“The Broken World”
by Jave Yoshimoto
Reception: Friday, January 6 from 5-8 p.m.
View in our West Gallery through January 27.
My work takes on the ephemerality of news and information and how the emotions we bring to each tragedy in the news cycle are swept away by the wave of information that floods the media. I address this social amnesia through my art with the work acting as a social memory for tragic events so quickly forgotten in our information age.
My development of “Godzilla invading U.S.” series led to eventual refinement of my painting techniques. What initially started out as mimicking and paying homage to Asian art history evolved into his own personal graphic technique. While “Godzilla invading U.S.” series focused more on my personal struggle as an Asian-American citizen, my following project, “Baptism of Concrete Estuary” allowed me to reconnect with the Japanese heritage that I struggled for many years to forget.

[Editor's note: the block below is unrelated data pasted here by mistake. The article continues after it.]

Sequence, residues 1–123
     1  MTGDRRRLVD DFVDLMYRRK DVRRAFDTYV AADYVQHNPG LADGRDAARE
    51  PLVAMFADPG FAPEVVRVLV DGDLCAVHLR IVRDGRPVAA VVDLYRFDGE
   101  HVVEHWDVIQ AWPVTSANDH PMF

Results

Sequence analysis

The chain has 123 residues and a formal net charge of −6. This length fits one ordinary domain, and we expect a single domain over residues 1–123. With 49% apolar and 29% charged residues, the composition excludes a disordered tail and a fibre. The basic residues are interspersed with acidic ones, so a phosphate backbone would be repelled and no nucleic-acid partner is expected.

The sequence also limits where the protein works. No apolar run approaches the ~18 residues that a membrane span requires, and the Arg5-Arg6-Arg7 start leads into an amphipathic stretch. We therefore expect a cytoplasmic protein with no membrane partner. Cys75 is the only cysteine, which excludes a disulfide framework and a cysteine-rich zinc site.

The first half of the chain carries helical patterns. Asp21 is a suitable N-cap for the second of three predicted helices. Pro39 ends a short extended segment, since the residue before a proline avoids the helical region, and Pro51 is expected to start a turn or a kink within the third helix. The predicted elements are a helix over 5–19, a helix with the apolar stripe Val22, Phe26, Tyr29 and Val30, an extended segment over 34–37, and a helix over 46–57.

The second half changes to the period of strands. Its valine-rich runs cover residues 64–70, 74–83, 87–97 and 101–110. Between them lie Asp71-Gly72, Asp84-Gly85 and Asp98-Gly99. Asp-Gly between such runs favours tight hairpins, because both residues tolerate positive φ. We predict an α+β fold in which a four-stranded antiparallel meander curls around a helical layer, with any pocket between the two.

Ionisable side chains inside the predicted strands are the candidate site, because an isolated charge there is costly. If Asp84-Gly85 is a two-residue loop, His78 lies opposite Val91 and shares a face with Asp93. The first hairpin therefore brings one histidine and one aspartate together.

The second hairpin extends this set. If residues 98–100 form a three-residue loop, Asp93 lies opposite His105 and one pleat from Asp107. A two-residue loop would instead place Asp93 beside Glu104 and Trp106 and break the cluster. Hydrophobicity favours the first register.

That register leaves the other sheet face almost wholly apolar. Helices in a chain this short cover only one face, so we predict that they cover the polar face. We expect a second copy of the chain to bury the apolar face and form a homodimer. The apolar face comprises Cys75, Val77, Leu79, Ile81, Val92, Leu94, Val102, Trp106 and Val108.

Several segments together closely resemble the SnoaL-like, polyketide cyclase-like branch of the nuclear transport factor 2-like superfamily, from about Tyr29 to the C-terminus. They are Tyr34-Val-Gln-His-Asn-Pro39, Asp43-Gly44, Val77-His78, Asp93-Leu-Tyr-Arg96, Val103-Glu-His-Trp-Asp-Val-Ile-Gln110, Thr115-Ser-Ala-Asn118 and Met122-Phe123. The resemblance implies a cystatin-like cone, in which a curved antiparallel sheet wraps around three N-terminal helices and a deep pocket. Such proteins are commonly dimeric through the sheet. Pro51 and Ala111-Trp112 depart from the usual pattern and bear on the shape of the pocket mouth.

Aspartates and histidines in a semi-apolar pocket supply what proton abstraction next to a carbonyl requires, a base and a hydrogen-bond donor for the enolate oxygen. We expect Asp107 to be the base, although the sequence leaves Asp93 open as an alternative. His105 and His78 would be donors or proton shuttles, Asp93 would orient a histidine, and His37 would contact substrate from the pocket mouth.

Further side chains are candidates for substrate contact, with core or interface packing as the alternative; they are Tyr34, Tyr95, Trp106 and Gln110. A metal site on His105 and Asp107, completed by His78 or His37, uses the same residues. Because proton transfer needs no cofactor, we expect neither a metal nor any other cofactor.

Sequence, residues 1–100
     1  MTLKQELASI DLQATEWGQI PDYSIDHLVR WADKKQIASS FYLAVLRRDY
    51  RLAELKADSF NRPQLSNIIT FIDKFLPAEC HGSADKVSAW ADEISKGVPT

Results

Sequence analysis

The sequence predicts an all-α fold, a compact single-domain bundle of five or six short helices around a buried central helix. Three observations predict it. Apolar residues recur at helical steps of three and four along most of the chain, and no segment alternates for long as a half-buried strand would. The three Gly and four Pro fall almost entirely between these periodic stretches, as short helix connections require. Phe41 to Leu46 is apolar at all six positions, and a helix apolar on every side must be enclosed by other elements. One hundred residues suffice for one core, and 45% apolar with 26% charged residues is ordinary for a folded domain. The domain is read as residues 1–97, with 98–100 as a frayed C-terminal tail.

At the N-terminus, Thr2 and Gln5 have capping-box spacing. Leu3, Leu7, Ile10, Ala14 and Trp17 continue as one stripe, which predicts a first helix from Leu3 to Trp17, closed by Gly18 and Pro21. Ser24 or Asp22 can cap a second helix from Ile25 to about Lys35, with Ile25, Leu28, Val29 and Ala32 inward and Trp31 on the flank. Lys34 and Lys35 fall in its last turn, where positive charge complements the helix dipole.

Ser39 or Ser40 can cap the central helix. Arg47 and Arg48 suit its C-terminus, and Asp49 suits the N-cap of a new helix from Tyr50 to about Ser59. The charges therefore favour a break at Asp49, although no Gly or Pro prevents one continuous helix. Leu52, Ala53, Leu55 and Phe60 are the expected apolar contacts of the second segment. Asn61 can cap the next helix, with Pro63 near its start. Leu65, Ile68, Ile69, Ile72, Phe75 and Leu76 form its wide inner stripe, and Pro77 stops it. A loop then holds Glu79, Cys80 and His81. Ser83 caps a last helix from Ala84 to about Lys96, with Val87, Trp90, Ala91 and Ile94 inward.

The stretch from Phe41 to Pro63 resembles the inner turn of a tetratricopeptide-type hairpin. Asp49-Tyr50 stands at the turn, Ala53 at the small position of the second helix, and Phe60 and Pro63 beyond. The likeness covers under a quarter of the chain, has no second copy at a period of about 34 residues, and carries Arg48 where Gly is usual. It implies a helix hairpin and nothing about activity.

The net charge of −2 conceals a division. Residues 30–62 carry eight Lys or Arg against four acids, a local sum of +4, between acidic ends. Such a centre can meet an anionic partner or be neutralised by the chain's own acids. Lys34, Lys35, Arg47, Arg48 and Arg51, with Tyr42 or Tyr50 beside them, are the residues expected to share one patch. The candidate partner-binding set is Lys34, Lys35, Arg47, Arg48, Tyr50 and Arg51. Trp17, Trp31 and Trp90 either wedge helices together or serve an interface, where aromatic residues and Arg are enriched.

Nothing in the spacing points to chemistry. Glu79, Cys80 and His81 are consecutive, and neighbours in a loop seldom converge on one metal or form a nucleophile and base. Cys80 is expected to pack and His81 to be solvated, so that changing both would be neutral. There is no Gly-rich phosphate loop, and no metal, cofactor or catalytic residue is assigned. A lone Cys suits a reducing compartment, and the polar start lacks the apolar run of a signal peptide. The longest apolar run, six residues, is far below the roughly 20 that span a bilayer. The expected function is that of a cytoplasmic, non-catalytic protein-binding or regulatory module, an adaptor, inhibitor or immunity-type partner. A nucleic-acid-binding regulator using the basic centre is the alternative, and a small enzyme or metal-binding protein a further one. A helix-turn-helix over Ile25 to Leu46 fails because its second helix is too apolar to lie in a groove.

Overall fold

“Baptism of Concrete Estuary” is the culmination of my knowledge and techniques. Through years of striving to find the means to articulate my personal vision, a process that I found moving from small to medium sized paintings to this monumental work. My intention in creating a 30 feet scroll painting was that the audience would be able to have an intimate look at the painting as in traditional Chinese and Japanese scroll, while also feeling overwhelmed by the massiveness of the paper in comparison to the individual.
Employing images of the overwhelming power of the Japanese tsunami and earthquake to inspire empathy in the painting’s viewers. I used visual color blocks and large fields to draw in the audience for a closer view, while the finer details of the piece keep the audience fixated and allow them to feel immersed in the painting themselves.
My works are intended to serve as a constant reminder that tragic events such as this should always be remembered, especially since there are those in Japan still in dire need of assistance. This gave birth to my current “Disasters (Sinking World)” series, which ultimately represent my belief that art should be accessible to its viewers through human tales of struggle and survival as played out in the prevalent social amnesia of the information age.